Cost-hurling IBM seeks more volunteers for employment bonfire

IS Delivery gets the memo now too, 1,000+ heads at risk – sources

A large hand flicks an icon of a little red man. Image via shutterstock (Lasse Kristensen)

It wasn't only staff in IBM's Technical Services Support (TSS) unit that this week received the memo urging volunteers to come forward to toss themselves on the redundancy heap, folk in IS Delivery (ISD) got it too.

Sources at IBM told us the only difference between the letters the departments received was the name of the managers – there must be a template that Big Blue now uses to save itself time and money.

"We got the same memo," one insider told The Reg, "identical wording, but it came from Jon Grubb [IBM UK and Ireland director for Global Technology Services]. Identical terms. Same dates."

As revealed by us in recent weeks, IBM told staff in TSS and ISD to form Employee Consultation Committees ahead of entering a 45-day consultation to discuss ways to improve margins – i.e. by cutting jobs.

The length of the consultation, which started on December 6, indicates at least 100 people from each of the two departments will be kicked to the curb once the period ends. Before that happens, IBM is giving employees a chance to apply to leave. Applicants that are accepted will be out on December 31.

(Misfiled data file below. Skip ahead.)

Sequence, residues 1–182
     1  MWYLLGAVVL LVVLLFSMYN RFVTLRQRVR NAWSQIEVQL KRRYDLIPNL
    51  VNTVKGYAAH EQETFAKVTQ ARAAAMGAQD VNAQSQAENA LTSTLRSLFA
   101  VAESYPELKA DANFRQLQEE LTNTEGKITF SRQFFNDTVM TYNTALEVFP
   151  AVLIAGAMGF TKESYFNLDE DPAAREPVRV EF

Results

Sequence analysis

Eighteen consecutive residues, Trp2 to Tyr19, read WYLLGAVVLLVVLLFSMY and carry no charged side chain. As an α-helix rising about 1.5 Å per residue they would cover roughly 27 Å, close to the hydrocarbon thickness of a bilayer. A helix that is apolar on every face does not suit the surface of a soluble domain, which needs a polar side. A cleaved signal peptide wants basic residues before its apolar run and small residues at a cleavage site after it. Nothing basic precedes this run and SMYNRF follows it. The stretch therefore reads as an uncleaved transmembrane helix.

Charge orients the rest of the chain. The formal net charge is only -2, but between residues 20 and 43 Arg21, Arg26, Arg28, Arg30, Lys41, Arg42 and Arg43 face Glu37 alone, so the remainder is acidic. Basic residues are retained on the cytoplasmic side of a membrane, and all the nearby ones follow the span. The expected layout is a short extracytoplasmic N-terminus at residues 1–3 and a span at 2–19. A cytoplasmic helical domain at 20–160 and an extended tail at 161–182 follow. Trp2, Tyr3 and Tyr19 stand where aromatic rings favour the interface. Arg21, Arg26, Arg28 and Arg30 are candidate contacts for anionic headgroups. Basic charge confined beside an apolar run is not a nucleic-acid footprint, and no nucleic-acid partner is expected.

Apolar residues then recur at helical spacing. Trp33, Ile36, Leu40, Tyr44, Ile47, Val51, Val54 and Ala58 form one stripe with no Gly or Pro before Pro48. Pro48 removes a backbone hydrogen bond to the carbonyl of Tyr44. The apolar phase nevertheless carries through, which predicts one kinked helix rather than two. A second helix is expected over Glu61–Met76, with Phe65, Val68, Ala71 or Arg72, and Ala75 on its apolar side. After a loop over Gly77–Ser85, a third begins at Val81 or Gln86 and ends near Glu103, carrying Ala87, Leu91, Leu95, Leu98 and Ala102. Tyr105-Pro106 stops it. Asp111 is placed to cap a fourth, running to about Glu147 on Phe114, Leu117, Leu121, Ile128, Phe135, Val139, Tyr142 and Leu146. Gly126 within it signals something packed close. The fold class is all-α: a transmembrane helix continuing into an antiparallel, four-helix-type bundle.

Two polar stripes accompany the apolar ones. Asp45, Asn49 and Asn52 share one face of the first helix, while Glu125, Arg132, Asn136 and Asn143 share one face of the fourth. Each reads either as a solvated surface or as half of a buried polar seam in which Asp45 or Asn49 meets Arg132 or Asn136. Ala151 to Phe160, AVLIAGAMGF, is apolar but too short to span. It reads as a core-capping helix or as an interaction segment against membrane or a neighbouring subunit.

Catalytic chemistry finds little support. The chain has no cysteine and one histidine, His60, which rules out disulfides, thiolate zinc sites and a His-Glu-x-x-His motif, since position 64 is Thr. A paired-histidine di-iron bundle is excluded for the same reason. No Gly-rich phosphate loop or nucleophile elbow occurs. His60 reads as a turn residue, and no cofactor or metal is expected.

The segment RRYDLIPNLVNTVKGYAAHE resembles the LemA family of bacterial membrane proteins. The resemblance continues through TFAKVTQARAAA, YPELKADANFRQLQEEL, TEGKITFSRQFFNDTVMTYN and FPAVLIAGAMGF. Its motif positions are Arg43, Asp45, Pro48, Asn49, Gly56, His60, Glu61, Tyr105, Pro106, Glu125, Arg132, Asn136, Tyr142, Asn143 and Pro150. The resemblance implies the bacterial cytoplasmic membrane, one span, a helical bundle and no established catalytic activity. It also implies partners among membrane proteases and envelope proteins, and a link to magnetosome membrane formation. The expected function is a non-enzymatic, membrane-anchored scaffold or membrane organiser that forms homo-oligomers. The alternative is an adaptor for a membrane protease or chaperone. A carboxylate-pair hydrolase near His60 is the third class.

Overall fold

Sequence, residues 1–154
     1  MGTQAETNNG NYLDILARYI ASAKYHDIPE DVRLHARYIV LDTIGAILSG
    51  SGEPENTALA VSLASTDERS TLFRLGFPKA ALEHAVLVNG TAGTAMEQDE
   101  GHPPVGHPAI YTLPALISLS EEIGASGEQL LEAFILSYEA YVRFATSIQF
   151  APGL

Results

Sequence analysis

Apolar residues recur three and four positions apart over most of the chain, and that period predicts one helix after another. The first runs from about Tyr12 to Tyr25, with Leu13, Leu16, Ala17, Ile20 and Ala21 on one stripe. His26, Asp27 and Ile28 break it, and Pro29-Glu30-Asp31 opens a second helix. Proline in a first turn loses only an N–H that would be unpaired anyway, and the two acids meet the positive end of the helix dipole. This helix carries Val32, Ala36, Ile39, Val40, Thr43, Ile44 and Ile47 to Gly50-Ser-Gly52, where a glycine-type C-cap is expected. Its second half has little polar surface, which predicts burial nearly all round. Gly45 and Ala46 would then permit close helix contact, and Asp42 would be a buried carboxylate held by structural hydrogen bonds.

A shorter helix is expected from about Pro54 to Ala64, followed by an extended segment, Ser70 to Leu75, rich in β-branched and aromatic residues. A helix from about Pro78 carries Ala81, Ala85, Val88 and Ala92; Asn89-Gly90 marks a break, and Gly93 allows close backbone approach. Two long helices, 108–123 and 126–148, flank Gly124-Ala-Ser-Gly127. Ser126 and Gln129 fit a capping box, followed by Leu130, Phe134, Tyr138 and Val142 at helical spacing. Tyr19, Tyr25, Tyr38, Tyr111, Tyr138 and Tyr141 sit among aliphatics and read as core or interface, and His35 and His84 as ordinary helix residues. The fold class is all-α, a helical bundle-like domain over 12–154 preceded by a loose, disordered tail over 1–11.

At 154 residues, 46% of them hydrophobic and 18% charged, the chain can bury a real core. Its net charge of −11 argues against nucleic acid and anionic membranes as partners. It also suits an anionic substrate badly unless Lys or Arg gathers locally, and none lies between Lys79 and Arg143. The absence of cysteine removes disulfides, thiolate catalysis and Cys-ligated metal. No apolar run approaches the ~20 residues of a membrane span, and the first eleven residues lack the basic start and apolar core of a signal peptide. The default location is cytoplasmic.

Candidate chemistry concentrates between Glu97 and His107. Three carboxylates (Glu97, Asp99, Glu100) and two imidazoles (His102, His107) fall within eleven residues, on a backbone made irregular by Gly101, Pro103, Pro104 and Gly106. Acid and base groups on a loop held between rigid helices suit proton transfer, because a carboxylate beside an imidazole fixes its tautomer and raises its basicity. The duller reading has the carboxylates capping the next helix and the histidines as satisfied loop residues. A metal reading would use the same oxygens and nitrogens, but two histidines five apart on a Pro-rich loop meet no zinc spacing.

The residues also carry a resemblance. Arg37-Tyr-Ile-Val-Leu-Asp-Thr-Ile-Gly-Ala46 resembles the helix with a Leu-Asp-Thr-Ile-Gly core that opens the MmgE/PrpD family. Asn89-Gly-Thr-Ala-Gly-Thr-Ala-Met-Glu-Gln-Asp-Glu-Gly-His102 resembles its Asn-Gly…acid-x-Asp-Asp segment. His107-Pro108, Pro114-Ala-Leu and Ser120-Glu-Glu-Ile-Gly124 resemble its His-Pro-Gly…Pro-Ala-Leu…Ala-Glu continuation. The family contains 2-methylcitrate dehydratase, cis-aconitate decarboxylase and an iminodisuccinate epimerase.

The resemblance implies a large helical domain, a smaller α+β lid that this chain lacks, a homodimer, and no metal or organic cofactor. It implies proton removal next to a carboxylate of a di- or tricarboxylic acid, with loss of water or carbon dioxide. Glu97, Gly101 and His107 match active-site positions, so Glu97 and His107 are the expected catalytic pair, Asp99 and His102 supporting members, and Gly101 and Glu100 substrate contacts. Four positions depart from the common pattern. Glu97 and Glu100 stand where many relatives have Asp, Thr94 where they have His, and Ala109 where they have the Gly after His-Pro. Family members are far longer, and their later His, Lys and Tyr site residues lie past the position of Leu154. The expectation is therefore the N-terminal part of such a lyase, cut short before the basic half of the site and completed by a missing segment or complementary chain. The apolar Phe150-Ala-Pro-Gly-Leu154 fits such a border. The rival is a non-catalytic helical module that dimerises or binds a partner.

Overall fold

The ISD memo, like TSS, stated: "We are now launching an Open Voluntary Separation Programme. The programme is open to all in-scope UK IBM regular employees working in the IS Delivery business area in the UK.

"This is an opportunity for each of you to evaluate whether you wish to make a proactive decision to leave IBM at this time. If we do not receive enough volunteers that we can accept in this phase of the programme, we will move to an involuntary separation phase."

El Reg understands that up to 1,100 people in ISD are "in scope", meaning they are at risk of redundancy. IBM has yet to confirm to staff how many heads it needs to roll to reach its target.

IBM wants eight in ten of its services personnel to be based in parts of the world where staff are lower paid by the end of the year, as fewer customers sign up big ticket outsourcing deals, preferring instead to use the cloud. The company hasn't reported growth for 22 quarters. ®




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